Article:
ARCHIVE: BUS STOP ART
PUBLIC ART FOR PUBLIC TRANSPORTATION
As part of the Town's 2018 BRT Pilot Project, Arlington Public Art enlisted five artists to transform five bus shelters into works of art. Each one was unique, reflecting the style and interests of each artist. Together, the bus shelters celebrated the Town’s initiative to improve bus service so people can leave their cars at home. Shared themes included protecting the environment, connecting with neighbors, and enlivening the experience of waiting for the bus.
Arlington’s Eileen deRosas, a ceramic artist known for her paintings of animals on plates and pitchers, covered her shelter with portraits of neighborhood wildlife: a coyote, skunk, rabbit, and turtle make their way across the glass, reminding us that taking the bus helps protect the environment. Johnny Lapham, also from Arlington, was invited to expand a project he did to transform the Arlington Service Station with polka dots. Using 80 painted plywood discs, he created the impression that polka dots jumped off the gas station canopy, traveled down the sidewalk, and landed on the bus shelter like something in a Dr. Seuss story.
Two artists visiting from neighboring Somerville designed graphics that were printed on transparent film. James Weinberg’s depiction of nature changing through the seasons featured complex layered patterns and colors that glowed when the sun came through. Sneha Shrestha, who goes by Imagine when painting her colorful street art murals, placed the names of local streets inside two intersecting circles; bus riders were invited to mark their destination or the street where they lived with a dot. She hoped to prompt conversation between strangers, and envisioned that the dots would add up to create a visual map of activity in Arlington.
Boston artists Claudia Ravaschiere and Mike Moss brought their translucent Plexiglas butterflies to the Minuteman Bikeway last year. Continuing their interest in new materials and translucent effects they researched dichroic film and selected a version that transformed the light into unexpected and fugitive colors – blue, magenta, orange and purple – that are both transparent and reflective. The colors shifted with your movement; the effect was magical, as if you had stepped into a soap bubble.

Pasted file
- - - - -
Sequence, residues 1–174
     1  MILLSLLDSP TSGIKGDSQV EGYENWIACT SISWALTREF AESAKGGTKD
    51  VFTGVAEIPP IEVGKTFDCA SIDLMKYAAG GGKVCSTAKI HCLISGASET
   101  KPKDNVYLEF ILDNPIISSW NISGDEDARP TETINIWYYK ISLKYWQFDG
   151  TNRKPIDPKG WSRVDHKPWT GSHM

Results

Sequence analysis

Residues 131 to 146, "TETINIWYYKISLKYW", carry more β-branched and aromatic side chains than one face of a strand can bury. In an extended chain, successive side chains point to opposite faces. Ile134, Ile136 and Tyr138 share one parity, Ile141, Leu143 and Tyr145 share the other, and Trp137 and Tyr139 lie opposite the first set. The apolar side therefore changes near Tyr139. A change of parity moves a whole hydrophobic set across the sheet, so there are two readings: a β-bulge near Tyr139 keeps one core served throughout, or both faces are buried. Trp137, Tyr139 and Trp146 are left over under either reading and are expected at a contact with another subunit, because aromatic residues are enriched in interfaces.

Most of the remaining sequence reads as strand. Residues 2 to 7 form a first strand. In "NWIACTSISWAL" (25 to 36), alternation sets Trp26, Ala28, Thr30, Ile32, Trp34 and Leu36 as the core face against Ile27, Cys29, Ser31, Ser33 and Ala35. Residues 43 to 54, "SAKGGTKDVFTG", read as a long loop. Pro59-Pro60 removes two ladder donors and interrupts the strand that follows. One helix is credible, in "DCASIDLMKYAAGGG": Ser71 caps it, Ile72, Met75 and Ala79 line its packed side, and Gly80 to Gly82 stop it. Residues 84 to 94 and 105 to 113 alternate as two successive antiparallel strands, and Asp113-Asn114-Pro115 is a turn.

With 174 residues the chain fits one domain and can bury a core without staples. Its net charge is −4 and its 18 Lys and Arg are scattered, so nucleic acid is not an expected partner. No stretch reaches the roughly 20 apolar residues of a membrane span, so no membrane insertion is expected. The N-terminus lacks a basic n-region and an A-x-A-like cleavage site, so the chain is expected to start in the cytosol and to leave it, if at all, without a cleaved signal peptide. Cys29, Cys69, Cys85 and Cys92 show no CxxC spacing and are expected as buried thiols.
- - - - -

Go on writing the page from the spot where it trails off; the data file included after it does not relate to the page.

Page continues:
As part of this public transportation/public art project, several of the artists created work on walls along the bus route, activating the Mass Ave corridor. James Weinberg painted a landmark mural on the side of Za Restaurant at the entrance of Arlington's Cultural District in East Arlington. Eileen de Rosas created a large paste-up, a temporary mural printed on paper and glued to the walls of the Fox Library with wall paper paste.
The project was curated by Cecily Miller, working in collaboration with Ali Carter, the Town’s Economic Development Coordinator. It was funded by a generous grant from the Barr Foundation. Arlington Public Art, now a committee of the Arlington Commission for Art and Culture, is grateful to the Town’s Planning and Community Development Department and its Director Jenny Raitt for this opportunity to integrate art into an important initiative in improving transportation infrastructure and service.
Serving the morning commute of MBTA buses, the BRT pilot created a dedicated bus lane on Mass. Avenue, eastbound, from Varnum Street to Alewife Brook Parkway, Monday through Friday, 6:00 a.m. to 9:00 a.m. for one month. October 9th – November 9th, 2018. Our goal was to support the success of the BRT pilot and enhance the experience of thousands of bus riders!
Funded by the Barr Foundation. Many thanks to our wonderful partners, the Town of Arlington Department of Planning and Community Development and the MBTA!